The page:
Discovery Space: Theory of Relativity – Space, time, and Mass

Discovery Science: Theory of Relativity – Space, time, and Mass

Mass also has a third quality: it is the cause or “charge” of gravity. Einstein explained how this gravitational mass relates to inertial mass in his general theory of relativity (1919), 14 years after the special theory of relativity.

Einstein gave a radical answer to the question of the relationship between gravitational and inertial mass: they are identical! Since inertial mass is inseparably related to the changing nature of space and time (inertia increases as the length shortens), this is also the case for gravitational mass.

As a result, gravitation—the attraction between masses—is directly linked to space-time. Thus the fundamental statement of the general theory of relativity can be understood as follows: gravity is a distortion in space-time. The more massive a body is, the more it warps space and time, which is expressed in the accelerated movement of other nearby bodies.

Einstein’s triumph

Mathematically, general relativity is significantly more complicated than special relativity. Nevertheless, it was confirmed in a spectacular manner in 1919. A solar eclipse made it possible to show that stars in the vicinity of the sun appeared in slightly different positions, since their light was displaced by the sun’s gravity. The observed displacement agreed with Einstein’s predictions, and he became a celebrity overnight.

Few people truly understood the meaning of Einstein’s ideas-aside from 7 mc'” and “everything is relative”-but in combination with his striking personality, they made him world famous. Being Jewish and a pacifist as well as a modern scientist, however, he was targeted for persecution by the Nazis. In December 1932, he emigrated to the United States, not visiting Germany again until 1952.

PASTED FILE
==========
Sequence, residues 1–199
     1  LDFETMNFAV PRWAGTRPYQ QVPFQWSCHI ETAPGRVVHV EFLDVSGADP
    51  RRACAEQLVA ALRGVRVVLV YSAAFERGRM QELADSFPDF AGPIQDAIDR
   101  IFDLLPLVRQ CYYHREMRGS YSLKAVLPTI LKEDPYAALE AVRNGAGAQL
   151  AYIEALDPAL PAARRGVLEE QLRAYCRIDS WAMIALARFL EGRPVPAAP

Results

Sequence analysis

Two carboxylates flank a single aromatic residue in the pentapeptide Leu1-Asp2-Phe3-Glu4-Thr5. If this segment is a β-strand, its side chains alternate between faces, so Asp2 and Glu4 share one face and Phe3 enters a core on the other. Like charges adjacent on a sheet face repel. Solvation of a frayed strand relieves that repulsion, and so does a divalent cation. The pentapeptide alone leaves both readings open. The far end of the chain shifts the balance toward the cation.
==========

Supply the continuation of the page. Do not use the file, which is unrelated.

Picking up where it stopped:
“You have reached your destination” {thanks to general relativity]

Neither special nor general relativity is significant at the speeds achieved by cars or airplanes. Atomic nuclei in particle accelerators reach slightly relativistic speeds, but few experiments deal directly with these effects. However, one technology dependent on relativity has already become a fixture of modern life: satellite navigation with
systems such as GPS, GLONASS, or Galileo.

Microwave signals are sent to the system’s satellites, and their transit time is used to calculate the distance to the satellite and thus the device’s own position. This would be a simple trilateration calculation—a routine task in measurement technology-if the Earth’s mass did not produce a tiny distortion in space.

This alters the time taken by the signal so significantly that without corrections based on general relativity, accurate and modern GPS (Global Positioning System) equipment would be a mere pipe dream.


From a mathematical point of view, Albert Einstein’s equations resemble more complex versions of the mathematician James C. Maxwell’s electrodynamic equations. In general relativity, moving disturbances of space and time- gravity waves—are possible.

These waves cause unimaginably small variations in length around a trillionth of a billionth of a meter (10 2′ m). A gravity well is the pull of gravity that a large body in space exerts.